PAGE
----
I am back in El Salvador, where STISS took over the cathedral yesterday, burned some vehicles downtown, and reminded Salvadorans of a past they'd rather leave behind; and where the FMLN is getting ready to expel or punish a few dissidents for speaking their mind (and, okay, for throwing around a few chairs at the San Salvador party headquarters a few weeks ago); and where there's still no word from Tony Saca as to who will comprise his new cabinet come June 1.
But Iraq is still on my mind. Here's a revealing couple of paragraphs from an interview published yesterday in the Chicago Tribune with Northeastern Illinois University accounting professor Yass Alkafaji, an Iraqi-American who was in Iraq from late January until very recently, serving the Coalition Provisional Authority as the director of finance for the Ministry of Higher Education.
Q. What is your take on the mood of the Iraqi people?
A. They are thankful to the U.S. for getting rid of Saddam Hussein, and they are content that the military needs to be there. But after that, they are divided between how long should the U.S. military stay and whether they are doing a good job or not. The U.S. military presence is very visible, and they [the soldiers] are really scared, so their posture is very offensive. They see Iraqis, and they put guns in your face. They move in convoys, and they tell people to get away from them. When the convoys are in a traffic jam in the middle of Baghdad, that is the most dangerous thing. So they shout at people to get out of the way, and they drive up on the sidewalk of some stores. That creates a lot of hard feelings for the Iraqis.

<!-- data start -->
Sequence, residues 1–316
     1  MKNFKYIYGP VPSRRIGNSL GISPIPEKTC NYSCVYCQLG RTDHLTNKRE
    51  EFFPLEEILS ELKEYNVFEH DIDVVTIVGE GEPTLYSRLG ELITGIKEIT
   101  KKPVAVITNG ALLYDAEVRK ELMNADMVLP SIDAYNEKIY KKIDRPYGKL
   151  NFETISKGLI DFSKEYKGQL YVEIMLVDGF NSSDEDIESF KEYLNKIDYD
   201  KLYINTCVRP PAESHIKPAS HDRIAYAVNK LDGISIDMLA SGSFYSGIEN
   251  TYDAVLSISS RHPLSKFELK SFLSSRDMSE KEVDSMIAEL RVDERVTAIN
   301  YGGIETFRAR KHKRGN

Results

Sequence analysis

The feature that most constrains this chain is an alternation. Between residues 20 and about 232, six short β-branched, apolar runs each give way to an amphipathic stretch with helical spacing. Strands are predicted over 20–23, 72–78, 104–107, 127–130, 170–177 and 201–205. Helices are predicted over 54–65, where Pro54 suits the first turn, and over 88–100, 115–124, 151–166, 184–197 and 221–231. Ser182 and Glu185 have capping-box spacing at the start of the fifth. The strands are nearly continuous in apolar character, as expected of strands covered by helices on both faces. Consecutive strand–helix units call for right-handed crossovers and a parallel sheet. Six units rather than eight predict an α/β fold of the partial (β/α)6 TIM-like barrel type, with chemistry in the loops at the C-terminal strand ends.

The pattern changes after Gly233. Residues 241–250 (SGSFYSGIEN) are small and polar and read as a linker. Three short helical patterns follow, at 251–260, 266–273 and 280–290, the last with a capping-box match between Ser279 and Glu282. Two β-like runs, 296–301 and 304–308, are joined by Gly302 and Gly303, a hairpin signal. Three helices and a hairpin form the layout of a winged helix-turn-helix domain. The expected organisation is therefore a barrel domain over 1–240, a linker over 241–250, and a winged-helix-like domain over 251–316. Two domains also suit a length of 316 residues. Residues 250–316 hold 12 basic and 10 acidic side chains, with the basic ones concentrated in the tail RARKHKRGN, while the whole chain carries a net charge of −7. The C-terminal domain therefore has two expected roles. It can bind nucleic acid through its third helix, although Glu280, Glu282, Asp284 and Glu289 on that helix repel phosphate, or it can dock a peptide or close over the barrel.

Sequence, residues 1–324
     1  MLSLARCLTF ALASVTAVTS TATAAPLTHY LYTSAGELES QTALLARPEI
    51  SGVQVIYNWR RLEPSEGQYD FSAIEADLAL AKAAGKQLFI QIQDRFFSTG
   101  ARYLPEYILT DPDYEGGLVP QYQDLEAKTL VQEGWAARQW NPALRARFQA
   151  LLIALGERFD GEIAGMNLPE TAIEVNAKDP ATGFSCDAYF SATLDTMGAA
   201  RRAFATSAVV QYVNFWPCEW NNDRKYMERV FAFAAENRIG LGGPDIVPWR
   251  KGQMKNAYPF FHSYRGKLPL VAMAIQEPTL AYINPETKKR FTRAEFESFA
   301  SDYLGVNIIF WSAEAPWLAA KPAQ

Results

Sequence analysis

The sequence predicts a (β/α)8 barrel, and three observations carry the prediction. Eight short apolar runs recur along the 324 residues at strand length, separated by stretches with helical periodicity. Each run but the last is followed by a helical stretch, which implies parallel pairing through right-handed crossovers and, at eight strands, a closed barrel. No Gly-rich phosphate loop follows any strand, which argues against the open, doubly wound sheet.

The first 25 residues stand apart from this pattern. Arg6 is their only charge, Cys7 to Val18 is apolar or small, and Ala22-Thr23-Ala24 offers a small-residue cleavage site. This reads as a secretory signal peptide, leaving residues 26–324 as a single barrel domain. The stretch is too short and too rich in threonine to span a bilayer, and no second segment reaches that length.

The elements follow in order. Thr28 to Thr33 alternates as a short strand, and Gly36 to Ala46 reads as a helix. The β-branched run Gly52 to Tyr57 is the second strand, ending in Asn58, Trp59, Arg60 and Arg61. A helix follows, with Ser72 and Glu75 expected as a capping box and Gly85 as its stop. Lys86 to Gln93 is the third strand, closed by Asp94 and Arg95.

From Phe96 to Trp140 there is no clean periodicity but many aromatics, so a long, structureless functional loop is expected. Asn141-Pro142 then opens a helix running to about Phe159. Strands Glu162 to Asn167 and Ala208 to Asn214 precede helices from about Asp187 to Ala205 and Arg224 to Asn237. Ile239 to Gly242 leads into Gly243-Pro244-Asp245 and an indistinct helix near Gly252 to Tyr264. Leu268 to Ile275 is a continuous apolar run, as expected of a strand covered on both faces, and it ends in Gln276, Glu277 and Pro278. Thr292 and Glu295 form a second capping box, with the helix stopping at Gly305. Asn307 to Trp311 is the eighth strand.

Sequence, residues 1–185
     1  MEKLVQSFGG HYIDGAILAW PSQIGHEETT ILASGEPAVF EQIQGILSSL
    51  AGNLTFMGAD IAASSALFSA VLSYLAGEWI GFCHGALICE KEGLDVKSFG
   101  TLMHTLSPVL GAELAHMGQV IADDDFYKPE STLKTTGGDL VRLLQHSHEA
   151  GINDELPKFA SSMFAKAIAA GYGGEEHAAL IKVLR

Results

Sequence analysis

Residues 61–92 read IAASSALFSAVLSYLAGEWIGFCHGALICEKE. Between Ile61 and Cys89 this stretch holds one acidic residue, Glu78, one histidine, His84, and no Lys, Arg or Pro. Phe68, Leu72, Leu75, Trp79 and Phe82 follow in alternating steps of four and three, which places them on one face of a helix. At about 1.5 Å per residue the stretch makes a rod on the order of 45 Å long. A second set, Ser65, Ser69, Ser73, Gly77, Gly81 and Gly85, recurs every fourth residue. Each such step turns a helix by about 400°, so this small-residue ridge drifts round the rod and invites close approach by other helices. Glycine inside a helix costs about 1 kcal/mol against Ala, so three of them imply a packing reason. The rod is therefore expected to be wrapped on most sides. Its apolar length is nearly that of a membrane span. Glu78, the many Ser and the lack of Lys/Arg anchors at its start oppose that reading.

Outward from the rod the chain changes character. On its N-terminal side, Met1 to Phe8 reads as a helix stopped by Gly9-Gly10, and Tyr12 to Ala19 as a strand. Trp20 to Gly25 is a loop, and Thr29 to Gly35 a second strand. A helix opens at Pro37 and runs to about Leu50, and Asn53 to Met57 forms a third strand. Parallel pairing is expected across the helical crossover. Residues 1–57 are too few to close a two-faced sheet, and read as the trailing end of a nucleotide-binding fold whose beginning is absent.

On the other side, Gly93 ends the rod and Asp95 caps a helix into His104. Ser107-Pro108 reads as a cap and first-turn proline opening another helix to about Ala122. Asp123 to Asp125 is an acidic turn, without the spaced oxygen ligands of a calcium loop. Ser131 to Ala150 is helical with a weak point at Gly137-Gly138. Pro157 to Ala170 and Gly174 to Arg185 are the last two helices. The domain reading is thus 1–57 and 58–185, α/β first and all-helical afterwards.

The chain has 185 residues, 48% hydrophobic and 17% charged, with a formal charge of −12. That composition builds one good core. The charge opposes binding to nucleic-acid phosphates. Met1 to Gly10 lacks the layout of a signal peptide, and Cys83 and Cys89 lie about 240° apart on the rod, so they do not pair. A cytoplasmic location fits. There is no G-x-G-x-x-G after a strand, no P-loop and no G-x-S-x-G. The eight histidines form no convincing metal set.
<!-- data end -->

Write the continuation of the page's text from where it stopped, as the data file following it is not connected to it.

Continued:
Q. What about the economic and employment situation with ordinary Iraqis?
A. Most of the people are not informed of what the U.S. is doing because they don't see the visible improvement of their livelihood, especially those who don't have a government job . . . I think there is still a lot of confusion about who is the good Iraqi and who is the bad Iraqi. I think [the U.S.] has shown to the rest of the world that we are really ignorant when it comes to dealing with other cultures. We have a great military power, but when it comes to building nations we have no idea. You can see the tension in the clashes between the British and Americans in the palace. The Americans will say `do this or do that' and the British will just be shaking their head. But the British have a much longer history in the Middle East, and they know how to deal with the Arab mentality. They feel very marginalized.
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